In yesterday’s newsletter entitled “COVID-19 Unlikely to Decimate Sports-Related revenues in America”, we explained why holding events without fans in attendance would seemingly be worst case scenario for domestic sports leagues as it relates to the Coronavirus. Dr. Harvey Schiller (former executive director of the USOC, former CEO YankeesNets, former President of Turner Sports) suggested as long as the number of domestic cases continued to grow incrementally, COVID-19 wouldn’t have much of an impact on the March or April sports calendar. That remains our position – even in the wake of the Ivy League’s decision to cancel their post-season basketball tournament – but there is one scenario that would result in a U.S. pro sports league’s season coming to a sudden halt; an active player testing positive for the virus.
Howie Long-Short: Most of the talk to date – at least publicly – has focused on the precautions the NBA, NHL and MLB are taking to keep players safe. There has been little to no discussion about how the 3 leagues intend to handle the situation should one of their players fall ill to the virus. Long-time front-office executive (A’s, Grizzlies, Warriors) Andy Dolich doesn’t believe that the leagues are being coy, he says it’s more likely that they’re trying to “stay as nimble and agile as they can. Information [surrounding the virus] is changing by the day. They want to gain as much input as possible before formalizing plans.”
At this point, the NBA, NHL and MLB are all preparing to play games as scheduled. While holding games in empty buildings is becoming increasingly more likely (see: MAC & Big West conference tournaments), expect the show to go on unless/until a player contracts the virus. Should that occur, the infected individual – along with anyone else he’s come into contact with (see: teammates, opponents) – would be facing mandatory two-week quarantines. Dolich says the prospect of several teams having to take an unplanned hiatus “would bring about competitive balance issues and ultimately force the league to shut down for some time.”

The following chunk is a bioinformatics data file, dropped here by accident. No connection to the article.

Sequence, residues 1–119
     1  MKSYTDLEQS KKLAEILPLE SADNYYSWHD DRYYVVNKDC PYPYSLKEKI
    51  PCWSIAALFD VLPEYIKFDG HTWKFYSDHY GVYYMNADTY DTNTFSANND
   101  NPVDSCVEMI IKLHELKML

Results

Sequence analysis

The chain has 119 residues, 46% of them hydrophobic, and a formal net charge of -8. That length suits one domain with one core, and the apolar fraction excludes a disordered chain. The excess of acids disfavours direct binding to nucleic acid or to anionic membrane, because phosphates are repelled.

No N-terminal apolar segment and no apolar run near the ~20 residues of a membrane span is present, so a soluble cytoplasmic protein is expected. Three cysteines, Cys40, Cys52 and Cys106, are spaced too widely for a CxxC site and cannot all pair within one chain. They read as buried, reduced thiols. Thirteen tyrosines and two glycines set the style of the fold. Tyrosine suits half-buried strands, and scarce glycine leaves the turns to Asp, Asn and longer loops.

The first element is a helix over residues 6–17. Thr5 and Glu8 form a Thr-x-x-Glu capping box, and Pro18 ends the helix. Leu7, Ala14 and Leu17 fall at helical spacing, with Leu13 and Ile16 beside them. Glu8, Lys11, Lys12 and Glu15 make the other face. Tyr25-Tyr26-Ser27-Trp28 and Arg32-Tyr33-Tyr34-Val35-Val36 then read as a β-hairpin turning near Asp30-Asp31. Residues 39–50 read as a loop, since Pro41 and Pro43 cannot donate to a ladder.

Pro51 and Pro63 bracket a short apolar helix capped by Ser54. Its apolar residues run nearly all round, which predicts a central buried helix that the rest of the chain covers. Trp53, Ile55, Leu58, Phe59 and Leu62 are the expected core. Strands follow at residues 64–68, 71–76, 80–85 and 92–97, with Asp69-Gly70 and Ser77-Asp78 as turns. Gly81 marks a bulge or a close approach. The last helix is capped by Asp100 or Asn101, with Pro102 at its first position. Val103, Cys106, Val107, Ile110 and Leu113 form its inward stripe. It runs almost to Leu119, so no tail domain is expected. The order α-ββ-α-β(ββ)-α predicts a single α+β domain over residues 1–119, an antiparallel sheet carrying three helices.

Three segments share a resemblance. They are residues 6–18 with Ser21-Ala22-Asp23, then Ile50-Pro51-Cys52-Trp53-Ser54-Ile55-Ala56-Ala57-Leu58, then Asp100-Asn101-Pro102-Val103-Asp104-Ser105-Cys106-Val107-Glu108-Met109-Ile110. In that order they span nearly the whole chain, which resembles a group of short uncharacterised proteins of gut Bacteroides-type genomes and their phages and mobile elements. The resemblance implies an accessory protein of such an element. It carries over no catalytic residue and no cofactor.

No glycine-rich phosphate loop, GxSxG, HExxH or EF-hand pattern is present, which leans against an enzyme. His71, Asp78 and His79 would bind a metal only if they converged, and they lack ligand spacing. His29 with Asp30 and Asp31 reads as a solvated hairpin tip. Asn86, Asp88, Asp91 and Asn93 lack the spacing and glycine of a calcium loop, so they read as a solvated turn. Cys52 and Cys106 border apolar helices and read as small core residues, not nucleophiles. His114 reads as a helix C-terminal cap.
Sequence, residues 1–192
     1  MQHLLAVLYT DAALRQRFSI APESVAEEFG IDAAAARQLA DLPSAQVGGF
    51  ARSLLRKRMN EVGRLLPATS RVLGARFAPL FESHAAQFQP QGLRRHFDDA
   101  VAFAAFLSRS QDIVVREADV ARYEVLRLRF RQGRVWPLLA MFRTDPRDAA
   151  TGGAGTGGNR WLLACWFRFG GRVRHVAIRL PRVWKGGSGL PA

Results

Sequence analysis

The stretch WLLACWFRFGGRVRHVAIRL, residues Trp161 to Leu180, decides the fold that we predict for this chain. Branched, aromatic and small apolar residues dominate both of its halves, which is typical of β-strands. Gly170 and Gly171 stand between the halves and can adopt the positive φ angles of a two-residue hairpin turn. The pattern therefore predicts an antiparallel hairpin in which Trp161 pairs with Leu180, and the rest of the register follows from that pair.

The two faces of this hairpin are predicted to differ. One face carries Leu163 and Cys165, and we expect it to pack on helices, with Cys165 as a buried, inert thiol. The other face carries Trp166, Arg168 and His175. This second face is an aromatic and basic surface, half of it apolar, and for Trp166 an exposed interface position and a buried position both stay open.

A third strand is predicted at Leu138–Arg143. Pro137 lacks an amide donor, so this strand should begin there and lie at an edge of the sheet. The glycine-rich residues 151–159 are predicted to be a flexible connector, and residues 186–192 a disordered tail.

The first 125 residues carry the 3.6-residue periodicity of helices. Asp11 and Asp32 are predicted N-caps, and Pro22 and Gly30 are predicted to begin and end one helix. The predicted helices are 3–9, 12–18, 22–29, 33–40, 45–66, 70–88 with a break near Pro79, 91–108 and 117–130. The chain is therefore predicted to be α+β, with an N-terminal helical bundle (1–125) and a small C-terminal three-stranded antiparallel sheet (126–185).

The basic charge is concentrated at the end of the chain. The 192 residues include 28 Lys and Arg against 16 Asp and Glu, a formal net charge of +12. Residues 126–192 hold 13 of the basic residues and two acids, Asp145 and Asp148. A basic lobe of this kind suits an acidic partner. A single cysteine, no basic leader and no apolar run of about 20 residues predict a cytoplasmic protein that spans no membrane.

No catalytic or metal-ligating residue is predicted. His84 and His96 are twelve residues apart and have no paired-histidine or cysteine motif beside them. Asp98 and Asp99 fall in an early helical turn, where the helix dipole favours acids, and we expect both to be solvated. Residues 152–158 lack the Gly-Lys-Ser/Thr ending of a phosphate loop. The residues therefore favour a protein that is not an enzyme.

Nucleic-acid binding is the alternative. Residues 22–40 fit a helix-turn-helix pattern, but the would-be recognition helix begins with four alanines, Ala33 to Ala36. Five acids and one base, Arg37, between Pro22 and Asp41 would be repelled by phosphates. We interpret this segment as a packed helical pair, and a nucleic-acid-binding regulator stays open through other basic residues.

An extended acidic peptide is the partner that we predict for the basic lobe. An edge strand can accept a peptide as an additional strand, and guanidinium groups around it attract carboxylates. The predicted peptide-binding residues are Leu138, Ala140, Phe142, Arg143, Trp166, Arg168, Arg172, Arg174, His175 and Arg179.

While it’s true that NFL and MLB games were made-up in the wake of the 9/11 terrorist attacks, Dolich thinks that an extended work stoppage would more than likely result in a shortened regular season. “History has shown – in large part due to labor interruption – that the leagues will choose to have an abbreviated season (see: NBA ’98-’99, NHL ’12-‘13) and move on to the following year on schedule [as opposed to pushing their playoffs back].” Remember, post 9/11 NFL teams missed just a single game and MLB resumed play less than one week later. There weren’t weeks worth of games to make up.
Should one of the big four sports leagues decide to play an abbreviated schedule it will cost owners and players alike. A loss of games would all but certainly result in clubs having to refund a portion of ticket and sponsorship sales revenues (Dolich indicated that broadcast dollars could likely be offset with future “make goods” in the form of programming) and as Bloomberg’s Scott Soshnick reported there is a ‘force majeure’ clause in the NBA CBA that could cost players 1% of their annual salary for each game missed. The NHL has similar off-set language in their player contracts that calls for “a prorated reduction in pay” should games be cancelled for reasons beyond the league’s control.
If/When league’s decide on their own volition to play games in ‘fanless’ arenas (as opposed to the government making the decision for them, as it did in San Jose), it will likely be the liability associated with a fan or team/league/arena employee picking up the contagium at the venue driving the decision. Dolich says one must look no further than all of the lawsuits filed by passengers who were aboard cruise ships carrying COVID-19 patients to understand why playing games without fans could be in a league’s best interest.
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